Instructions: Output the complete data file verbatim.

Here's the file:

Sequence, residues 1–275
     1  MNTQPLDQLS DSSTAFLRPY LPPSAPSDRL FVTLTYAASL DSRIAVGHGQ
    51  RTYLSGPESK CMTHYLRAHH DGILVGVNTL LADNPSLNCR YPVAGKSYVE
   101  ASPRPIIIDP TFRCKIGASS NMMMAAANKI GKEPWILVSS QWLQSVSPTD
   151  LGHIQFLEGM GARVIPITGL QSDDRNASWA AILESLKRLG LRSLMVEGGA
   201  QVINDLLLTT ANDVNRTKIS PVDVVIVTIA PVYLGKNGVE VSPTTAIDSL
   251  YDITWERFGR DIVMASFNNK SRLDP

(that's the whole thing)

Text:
Sequence, residues 1–275
     1  MNTQPLDQLS DSSTAFLRPY LPPSAPSDRL FVTLTYAASL DSRIAVGHGQ
    51  RTYLSGPESK CMTHYLRAHH DGILVGVNTL LADNPSLNCR YPVAGKSYVE
   101  ASPRPIIIDP TFRCKIGASS NMMMAAANKI GKEPWILVSS QWLQSVSPTD
   151  LGHIQFLEGM GARVIPITGL QSDDRNASWA AILESLKRLG LRSLMVEGGA
   201  QVINDLLLTT ANDVNRTKIS PVDVVIVTIA PVYLGKNGVE VSPTTAIDSL
   251  YDITWERFGR DIVMASFNNK SRLDP